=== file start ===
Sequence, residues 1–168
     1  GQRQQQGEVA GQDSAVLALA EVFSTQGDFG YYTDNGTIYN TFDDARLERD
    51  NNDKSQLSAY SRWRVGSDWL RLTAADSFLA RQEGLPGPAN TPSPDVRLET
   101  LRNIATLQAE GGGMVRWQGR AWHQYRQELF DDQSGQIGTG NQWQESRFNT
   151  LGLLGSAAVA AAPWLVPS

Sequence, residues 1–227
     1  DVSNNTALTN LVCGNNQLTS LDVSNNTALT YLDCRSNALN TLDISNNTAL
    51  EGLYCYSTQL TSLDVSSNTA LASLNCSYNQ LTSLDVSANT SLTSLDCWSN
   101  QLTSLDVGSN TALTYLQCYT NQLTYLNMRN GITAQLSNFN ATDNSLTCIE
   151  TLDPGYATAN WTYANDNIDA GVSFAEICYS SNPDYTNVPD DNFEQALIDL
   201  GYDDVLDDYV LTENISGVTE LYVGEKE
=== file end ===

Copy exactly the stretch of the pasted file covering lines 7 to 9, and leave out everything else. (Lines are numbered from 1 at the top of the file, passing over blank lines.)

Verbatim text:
     1  DVSNNTALTN LVCGNNQLTS LDVSNNTALT YLDCRSNALN TLDISNNTAL
    51  EGLYCYSTQL TSLDVSSNTA LASLNCSYNQ LTSLDVSANT SLTSLDCWSN
   101  QLTSLDVGSN TALTYLQCYT NQLTYLNMRN GITAQLSNFN ATDNSLTCIE